Media Coverage for Women's Sport
Pro cyclist and author Kathryn Bertine is releasing a documentary that explores cycling’s gross inequalities.
The biggest fans of women’s cycling are the women cyclists themselves. They are also their biggest advocates. The women’s peloton has had enough of the gross inequality that they experience day in and out and are finally starting to speak out.
Pro Cyclist, author and ESPN columnist Kathryn Bertine explores this inequality in her upcoming documentary, Half the Road: The passion, pitfalls & power of women’s professional cycling.
With footage from UCI races and interviews with some of the sport’s leading athletes, managers and officials, Half the Road explores the world of women’s professional cycling, focusing on both the love of sport and the pressing issues of inequality that female athletes face in a male-dominated sport.
“This all started in 2006 when ESPN gave me the “So You Wanna Be an Olympian?” online assignment, the basis of which was to see if I could make it to the Beijing Olympics in just two years,” said Bertine. “It was a baptism by fire into the world of women’s cycling!”
During her quest for the Olympics, Bertine soon noticed that women’s cycling really took a backseat to the men’s side. Bertine said that whereas in triathlon –in which she competed previously –things like events, distances and prizes were more or less equal for the men’s and women’s fields, in cycling this wasn’t the case.
“Races were often shorter, prize money was lower, the female pros had no base salary and women’s events rarely were linked to the major men’s events,” Bertine pointed out. “I brought a flip cam with me to qualifying races and wanted to see if some of these women would talk to me about these inequalities and could elaborate on my observations.”
What started off as a documentary about women’s cycling soon turned into a film about equality and society, told through the stories of cyclists. Bertine, a three-time national champion of St. Kitts and Nevis, also explores the issues faced when smaller nations try to make strides in a sport that has no history of tradition or support within their culture.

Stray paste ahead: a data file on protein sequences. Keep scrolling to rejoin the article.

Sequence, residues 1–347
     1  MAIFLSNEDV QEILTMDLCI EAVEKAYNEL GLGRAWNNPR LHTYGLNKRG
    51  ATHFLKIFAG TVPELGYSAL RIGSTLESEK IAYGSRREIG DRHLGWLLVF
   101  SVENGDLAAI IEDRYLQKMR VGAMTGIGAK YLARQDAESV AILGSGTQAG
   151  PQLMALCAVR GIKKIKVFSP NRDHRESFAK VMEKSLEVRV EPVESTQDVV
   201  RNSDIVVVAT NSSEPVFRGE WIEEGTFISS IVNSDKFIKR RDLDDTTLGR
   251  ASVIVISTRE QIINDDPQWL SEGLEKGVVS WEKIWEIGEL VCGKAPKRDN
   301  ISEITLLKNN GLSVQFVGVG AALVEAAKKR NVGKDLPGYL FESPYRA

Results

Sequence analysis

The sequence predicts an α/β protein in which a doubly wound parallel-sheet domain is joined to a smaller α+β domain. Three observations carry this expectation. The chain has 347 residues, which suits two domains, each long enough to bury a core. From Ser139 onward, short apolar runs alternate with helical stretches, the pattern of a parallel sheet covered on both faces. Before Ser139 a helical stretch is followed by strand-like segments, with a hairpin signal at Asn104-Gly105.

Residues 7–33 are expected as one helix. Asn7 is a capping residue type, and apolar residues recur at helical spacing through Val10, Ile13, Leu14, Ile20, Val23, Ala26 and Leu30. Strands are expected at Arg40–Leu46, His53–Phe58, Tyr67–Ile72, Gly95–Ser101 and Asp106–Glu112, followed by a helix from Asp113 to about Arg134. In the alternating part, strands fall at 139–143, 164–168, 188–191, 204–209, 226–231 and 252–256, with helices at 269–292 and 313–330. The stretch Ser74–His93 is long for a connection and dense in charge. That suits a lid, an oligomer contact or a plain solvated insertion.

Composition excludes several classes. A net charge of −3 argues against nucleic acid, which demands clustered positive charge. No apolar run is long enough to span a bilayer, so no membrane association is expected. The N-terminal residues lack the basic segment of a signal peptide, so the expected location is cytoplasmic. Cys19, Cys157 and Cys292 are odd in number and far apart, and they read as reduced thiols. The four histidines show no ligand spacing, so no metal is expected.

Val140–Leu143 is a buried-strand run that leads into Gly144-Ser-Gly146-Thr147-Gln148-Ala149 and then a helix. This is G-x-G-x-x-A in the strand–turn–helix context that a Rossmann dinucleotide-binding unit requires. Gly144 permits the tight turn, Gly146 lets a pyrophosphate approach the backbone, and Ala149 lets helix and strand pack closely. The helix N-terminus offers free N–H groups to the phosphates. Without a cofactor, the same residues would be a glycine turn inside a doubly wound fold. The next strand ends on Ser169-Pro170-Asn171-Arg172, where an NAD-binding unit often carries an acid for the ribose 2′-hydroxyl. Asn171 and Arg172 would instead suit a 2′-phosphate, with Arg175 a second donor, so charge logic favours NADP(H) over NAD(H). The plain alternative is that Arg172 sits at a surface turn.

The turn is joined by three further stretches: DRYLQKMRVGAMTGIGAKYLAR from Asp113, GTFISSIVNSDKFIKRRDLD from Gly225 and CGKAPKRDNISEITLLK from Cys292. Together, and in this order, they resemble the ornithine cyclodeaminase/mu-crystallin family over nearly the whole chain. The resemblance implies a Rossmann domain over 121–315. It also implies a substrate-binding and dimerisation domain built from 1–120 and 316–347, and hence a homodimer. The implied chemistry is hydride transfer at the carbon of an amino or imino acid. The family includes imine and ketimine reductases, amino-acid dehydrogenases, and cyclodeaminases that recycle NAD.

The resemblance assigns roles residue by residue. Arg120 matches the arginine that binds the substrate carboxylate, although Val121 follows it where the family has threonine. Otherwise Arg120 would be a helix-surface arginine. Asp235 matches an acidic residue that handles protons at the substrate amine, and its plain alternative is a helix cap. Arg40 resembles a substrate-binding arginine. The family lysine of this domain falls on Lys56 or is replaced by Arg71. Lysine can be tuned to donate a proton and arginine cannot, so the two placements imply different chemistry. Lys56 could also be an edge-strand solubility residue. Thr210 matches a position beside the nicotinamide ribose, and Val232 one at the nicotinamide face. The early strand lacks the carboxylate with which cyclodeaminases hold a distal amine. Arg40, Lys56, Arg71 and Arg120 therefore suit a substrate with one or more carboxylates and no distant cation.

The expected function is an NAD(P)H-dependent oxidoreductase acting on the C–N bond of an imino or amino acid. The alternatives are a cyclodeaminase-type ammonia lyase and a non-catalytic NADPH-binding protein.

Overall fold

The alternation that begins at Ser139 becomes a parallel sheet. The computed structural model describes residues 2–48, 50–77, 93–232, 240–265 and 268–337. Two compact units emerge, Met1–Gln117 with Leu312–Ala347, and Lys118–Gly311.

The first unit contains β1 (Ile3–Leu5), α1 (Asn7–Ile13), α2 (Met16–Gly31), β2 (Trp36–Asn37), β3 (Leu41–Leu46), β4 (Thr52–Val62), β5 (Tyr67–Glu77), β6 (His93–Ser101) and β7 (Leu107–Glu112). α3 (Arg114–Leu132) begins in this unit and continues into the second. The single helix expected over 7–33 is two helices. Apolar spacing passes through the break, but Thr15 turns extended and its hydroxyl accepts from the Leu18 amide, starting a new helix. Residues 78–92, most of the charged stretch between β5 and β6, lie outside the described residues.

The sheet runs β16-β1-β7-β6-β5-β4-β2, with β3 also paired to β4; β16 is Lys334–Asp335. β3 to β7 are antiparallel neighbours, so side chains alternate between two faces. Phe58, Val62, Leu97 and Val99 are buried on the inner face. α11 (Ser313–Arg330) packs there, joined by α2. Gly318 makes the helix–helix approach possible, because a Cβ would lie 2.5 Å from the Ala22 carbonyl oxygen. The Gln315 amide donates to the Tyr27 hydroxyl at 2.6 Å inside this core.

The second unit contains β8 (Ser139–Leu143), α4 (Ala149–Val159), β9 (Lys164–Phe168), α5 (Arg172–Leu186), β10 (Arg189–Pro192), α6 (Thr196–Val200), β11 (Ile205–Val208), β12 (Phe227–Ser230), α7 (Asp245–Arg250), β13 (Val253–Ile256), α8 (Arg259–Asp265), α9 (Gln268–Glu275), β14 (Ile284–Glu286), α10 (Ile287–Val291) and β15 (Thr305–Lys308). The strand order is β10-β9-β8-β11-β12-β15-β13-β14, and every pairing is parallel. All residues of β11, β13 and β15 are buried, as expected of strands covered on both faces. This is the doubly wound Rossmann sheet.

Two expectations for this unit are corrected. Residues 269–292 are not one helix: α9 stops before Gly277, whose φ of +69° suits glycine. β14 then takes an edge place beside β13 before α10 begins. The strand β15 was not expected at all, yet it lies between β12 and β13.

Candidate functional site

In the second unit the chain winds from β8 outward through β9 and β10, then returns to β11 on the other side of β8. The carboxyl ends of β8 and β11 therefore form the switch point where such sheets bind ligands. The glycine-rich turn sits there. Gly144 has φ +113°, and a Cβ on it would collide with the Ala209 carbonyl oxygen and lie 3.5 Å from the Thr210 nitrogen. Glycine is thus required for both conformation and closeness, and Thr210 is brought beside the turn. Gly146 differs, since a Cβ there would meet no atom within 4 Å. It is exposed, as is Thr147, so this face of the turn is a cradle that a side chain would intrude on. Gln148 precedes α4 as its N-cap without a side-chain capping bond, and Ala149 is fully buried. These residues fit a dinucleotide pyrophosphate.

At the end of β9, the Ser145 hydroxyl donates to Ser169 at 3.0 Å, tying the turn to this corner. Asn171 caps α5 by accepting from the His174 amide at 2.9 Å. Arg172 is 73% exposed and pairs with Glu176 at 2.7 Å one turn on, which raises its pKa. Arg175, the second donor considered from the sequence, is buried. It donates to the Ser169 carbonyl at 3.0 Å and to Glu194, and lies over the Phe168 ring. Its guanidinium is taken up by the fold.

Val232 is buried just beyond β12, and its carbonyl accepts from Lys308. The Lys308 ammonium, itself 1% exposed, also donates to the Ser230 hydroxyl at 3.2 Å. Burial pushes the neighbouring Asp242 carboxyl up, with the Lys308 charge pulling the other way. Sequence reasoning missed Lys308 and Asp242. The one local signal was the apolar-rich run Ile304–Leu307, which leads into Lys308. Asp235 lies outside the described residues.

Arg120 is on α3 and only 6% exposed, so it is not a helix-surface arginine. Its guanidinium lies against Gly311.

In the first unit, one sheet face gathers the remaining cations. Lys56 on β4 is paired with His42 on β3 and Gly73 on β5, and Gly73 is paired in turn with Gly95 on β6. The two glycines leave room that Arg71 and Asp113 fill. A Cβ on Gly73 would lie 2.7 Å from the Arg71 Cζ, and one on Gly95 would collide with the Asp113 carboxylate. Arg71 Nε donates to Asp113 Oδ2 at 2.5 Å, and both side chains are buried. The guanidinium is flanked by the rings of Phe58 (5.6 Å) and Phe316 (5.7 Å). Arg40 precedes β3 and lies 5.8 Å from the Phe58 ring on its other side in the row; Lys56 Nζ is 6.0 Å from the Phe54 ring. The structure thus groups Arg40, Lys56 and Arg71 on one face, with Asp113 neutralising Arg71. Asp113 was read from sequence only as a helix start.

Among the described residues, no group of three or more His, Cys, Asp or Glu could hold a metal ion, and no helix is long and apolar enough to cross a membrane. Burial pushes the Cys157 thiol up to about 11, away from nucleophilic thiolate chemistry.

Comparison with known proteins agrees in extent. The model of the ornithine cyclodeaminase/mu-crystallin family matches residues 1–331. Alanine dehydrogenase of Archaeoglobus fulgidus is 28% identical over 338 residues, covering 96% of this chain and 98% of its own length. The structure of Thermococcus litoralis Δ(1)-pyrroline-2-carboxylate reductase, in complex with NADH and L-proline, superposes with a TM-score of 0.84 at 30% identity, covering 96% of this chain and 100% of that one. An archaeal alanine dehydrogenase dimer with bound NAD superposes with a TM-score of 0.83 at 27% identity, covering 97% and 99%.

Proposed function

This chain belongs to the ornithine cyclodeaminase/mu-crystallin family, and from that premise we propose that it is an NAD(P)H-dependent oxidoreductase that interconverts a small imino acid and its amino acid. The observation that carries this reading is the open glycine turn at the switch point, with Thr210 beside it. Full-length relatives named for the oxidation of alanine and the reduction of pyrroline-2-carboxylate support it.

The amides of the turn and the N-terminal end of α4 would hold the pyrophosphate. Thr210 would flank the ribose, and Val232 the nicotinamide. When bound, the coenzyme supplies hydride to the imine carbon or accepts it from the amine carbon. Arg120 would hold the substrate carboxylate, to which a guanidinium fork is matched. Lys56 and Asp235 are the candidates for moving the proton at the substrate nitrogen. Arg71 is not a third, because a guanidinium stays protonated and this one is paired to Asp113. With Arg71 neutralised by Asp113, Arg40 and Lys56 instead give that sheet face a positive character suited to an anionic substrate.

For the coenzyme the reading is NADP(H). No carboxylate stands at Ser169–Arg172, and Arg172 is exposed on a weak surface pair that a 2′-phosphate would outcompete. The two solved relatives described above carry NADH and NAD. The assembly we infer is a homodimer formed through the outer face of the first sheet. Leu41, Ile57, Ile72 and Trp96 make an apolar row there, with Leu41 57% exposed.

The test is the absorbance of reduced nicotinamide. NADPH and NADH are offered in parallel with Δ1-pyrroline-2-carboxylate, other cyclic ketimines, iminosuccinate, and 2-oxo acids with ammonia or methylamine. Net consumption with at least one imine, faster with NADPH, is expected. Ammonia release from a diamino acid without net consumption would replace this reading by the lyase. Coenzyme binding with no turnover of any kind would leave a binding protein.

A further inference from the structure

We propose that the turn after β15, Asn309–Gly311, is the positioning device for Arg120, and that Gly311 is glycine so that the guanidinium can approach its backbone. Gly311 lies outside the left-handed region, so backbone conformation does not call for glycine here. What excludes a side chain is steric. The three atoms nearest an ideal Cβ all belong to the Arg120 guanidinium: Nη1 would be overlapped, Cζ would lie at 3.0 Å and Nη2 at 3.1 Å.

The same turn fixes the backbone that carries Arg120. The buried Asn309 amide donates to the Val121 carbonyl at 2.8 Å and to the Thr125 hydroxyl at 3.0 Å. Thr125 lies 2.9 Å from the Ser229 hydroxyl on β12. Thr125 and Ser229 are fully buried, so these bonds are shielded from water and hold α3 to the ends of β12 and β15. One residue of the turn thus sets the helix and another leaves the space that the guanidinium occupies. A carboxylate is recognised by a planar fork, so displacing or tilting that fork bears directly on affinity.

“It’s one thing if someone fails to make the Olympics but it’s something completely else if an entire country or gender is held back because of red tape and flaws in the UCI,” said Bertine.
Bertine showcases these issues through the stories of celebrated pro athletes like Marianne Vos, Emma Pooley, Kristen Armstrong and Ina Teutenberg as well as rookies, kids and fans.
“I’ve seen more growth in the sport in 2013 alone than I saw between 2008 and 2012 because more women are standing up and stating what they want and deserve out of the sport. The beauty of all the women speaking their minds is that it’s calling attention to the fluff and need for change,” said Bertine, pointing out (social) media outrage regarding this year’s Tour de Languedoc-Rousillon and Amgden Tour of California’s women’s individual time trial mishap.
“Those incidents might look like a step backward but the fact that all these people are speaking up about it is actually a step forward,” said Bertine.
But ultimately, change must come from the top.
To read the rest of this article here.